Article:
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#1 urbani

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Posted 10 May 2013 - 11:20 PM

We are a very small company with 5 full time people working in the business.  Is it feasible for us to attempt SQF Level 2 certification?  We are highly automated and therefore don't require a large staff.  We have extensive food science and microbiological safety knowledge among us, and basic HACCP knowledge.  Our plant is set up properly and meets the physical requirements, and we have our prerequisite program procedures and monitoring in place based on the canadian FSEP guidelines.  What should we think about when attempting SQF Level 2 certification with such a small workforce?  

 

Any suggestions on how to deal with things like the fact that we have grade level loading instead of dock loading?

 

How should we deal with HACCP team requirements and trained designate etc?  

 

Suggestions for best minimizing paperwork load?

 

We have automated temperature loggers on all coolers/freezers with notification/alarm when out of spec.  How can we "verify" these?  Should they be checked daily?  

 

Thanks in advance for all your help.  Hope I can help out on the forum when I have more knowledge.



#2 Oldairyman

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Posted 10 May 2013 - 11:54 PM

Oldschool, hello,

Most small companies , can't afford it for financial reasons . It appears you have a very qualified staff and would be able to understand the concepts of GFSI programs . Sometimes the bigger the company and more employees,.. always more room for human error, missed documents in pre-requisite programs ect.  I don't see many operations that miss the CCP or have a gapping hole in the HACCP Plan, but can happen .

Start by selecting a person to take the Practitioner course. (Implimenting SQF). With a 5 or 6 person staff the information can trickle down.  The hard part is having Policies, SOPs, Manuals , Registers, ... you might need a document person to set it up. After that your team just needs to maintain it .

PIck a firm if you have the means, SGS, NSF, AIB, Silliker, ..... they all have SQF training programs . Or find a consultant .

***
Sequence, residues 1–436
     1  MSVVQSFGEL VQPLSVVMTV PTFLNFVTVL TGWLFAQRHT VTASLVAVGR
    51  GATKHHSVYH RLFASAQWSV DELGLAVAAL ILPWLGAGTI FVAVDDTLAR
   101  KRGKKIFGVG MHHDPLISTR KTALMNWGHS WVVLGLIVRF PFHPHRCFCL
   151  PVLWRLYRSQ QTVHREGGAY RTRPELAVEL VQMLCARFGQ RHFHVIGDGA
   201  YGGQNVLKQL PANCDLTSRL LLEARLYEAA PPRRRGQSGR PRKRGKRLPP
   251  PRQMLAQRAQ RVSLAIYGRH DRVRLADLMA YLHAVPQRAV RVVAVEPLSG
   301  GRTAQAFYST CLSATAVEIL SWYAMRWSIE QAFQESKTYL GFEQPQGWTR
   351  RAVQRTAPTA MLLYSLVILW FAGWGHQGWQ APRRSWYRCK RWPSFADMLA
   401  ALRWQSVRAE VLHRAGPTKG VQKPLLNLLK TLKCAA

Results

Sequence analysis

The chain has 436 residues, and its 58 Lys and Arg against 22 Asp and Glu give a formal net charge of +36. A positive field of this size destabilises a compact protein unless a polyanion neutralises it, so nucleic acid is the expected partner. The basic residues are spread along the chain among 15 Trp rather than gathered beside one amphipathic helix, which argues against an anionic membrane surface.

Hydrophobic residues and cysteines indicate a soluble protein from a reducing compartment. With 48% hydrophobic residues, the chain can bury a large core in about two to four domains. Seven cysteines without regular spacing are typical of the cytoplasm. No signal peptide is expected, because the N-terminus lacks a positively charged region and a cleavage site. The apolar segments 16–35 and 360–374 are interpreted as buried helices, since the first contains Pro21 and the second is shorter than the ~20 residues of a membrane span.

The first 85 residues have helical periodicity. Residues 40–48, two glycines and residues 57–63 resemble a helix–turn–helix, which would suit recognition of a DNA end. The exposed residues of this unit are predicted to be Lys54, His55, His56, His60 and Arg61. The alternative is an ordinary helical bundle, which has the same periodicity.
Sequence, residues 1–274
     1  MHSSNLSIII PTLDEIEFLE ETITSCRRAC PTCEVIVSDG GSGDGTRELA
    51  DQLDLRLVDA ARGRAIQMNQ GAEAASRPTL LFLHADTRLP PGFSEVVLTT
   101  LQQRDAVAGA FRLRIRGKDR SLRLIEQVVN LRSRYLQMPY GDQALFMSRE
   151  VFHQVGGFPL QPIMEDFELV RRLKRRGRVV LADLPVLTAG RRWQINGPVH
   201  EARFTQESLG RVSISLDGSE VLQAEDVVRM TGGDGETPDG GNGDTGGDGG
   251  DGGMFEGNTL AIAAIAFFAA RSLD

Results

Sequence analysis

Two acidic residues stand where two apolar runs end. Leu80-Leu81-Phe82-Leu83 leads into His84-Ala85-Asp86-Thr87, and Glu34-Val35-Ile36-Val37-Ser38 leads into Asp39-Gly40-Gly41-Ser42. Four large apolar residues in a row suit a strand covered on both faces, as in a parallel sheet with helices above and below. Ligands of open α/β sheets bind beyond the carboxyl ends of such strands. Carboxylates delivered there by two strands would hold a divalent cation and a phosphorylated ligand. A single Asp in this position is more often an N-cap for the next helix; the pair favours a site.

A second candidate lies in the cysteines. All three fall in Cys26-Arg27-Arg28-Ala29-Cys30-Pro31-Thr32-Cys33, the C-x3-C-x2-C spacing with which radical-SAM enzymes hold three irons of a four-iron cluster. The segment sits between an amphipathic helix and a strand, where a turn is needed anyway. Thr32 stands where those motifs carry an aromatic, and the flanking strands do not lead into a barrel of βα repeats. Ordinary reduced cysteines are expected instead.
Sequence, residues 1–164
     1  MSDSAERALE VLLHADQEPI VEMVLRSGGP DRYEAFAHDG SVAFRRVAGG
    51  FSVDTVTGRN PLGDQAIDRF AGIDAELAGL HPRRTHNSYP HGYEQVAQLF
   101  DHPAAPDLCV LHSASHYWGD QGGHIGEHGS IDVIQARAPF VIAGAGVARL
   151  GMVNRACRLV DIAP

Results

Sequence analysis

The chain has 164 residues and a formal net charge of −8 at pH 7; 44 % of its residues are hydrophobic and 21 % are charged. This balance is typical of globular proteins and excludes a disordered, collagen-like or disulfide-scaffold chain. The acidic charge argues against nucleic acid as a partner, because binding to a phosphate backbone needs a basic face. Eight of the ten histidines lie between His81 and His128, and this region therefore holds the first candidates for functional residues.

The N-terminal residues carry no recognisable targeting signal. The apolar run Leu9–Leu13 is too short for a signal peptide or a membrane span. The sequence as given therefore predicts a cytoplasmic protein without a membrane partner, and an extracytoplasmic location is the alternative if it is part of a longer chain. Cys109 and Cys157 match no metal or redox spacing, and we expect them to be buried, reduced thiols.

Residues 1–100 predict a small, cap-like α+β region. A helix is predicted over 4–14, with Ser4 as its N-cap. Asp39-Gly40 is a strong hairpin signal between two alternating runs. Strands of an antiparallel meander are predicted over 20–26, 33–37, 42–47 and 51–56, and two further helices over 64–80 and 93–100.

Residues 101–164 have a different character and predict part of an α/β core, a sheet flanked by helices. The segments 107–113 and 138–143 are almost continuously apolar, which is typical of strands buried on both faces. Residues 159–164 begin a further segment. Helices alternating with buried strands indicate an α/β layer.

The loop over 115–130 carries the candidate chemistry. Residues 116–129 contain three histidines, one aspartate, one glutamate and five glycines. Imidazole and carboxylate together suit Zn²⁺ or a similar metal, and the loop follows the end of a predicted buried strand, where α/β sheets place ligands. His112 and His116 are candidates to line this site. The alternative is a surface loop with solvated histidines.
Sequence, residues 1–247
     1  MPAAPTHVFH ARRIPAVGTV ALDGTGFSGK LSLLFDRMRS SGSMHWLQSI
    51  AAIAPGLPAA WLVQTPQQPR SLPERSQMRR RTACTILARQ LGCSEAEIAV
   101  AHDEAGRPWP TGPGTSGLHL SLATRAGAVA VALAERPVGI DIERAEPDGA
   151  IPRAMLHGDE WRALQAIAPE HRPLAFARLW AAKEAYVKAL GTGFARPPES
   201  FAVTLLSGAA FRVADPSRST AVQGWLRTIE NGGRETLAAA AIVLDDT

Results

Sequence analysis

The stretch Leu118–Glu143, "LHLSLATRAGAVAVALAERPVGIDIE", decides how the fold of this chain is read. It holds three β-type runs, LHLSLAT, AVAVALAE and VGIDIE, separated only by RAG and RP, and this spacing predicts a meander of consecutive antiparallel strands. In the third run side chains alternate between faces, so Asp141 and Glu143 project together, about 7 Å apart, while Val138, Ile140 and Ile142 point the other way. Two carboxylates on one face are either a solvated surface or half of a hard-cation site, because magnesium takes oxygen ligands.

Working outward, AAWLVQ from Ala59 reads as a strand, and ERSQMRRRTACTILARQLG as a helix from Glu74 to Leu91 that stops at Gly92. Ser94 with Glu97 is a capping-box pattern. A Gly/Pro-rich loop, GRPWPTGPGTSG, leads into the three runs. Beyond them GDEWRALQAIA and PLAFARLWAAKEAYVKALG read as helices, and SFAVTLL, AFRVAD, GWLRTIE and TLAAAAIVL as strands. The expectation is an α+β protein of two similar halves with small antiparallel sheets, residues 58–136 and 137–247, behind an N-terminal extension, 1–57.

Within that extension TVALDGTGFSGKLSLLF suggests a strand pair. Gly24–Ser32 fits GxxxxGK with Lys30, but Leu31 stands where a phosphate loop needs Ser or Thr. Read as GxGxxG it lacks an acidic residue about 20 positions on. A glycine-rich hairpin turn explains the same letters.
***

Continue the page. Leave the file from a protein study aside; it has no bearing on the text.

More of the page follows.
Jeff :rock:



#3 john123

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Posted 13 May 2013 - 04:00 PM

Our sister company (co-owned by our owners) is staffed only by two owners and one production employee, and we're on track for an SQF audit in July.  Looks like I'll be divided between both as a Quality Supervisor function, but that has yet to be determined as we upgrade their FS-QMS.  So the amount of employees isn't necessarily a bad thing, as long as you document what each role is responsible for handling.  A thoughts responding to your questions:

 

"...basic HACCP knowledge."

Whomever you designate as your SQF practitioner must have a HACCP certification.  If that's what you meant, then you're good there.

 

"...we have grade level loading instead of dock loading?"

Grade level as in forklift is on the same surface as the trailer and can't drive inside?  Does that mean the truck enters your facility, or do you have to drive outside to load them?  Some method of preventing contamination would be required there, kind of a pain too...  (if it goes outside, do you stop loading when it rains/snows?)

 

"How should we deal with HACCP team requirements and trained designate etc?"

Deal with it by implementing one.  This can be as simple as documenting who handles your HACCP currently.  SQF is big on management commitment, so make sure you have a document that shows your HACCP Team is made up of various people (could be all 5 of you), and explain what is covered when you meet to review your HACCP.

 

"We have automated temperature loggers on all coolers/freezers with notification/alarm when out of spec.  How can we "verify" these?  Should they be checked daily?"

This gets a little bit above my realm of experience, but you should have a procedure to show that they are somehow monitored (especially if product is compromised by failure).  In our sister business, we deal with sterilization in a large chamber with various probes to monitor the heat.  Temps are recorded every minute, and everything happens automatically (machine heats up to required temp for required amount of time before shutdown).  An alarm/alert will sound if there is a problem.  But as a part of HACCP, someone still needs to review those logs and ensure things happened the way the are supposed to happen.  It's something the owner already does, but we are creating a document so he can sign off and prove he does it.  Which leads me to...

 

"Suggestions for best minimizing paperwork load?"

In the words of our SQF auditors (yes, two of them), "If it's not documented, it didn't happen."  Period, end of story.  In the pre-assessment we paid for, the consultant used the term "village knowledge", as in procedures or the way you do things that everyone simply knows and isn't really written down anywhere.  Village knowledge is bad.  Village knowledge can't be verified.  Village knowledge might differ from one person to another, and everyone might be trained to a different standard (because you can't prove the standard they were trained to).  As the auditors go through SQF Code, item by item, they'll ask you how you meet that requirement.  Take pest control, where you have someone monitor whatever traps you have setup.  He "knows" to go check the traps every Tuesday.  Great, now where's the procedure?  And where's the log to show what he discovered?  Not really a way to minimize paperwork, you need whatever is needed to meet the requirement.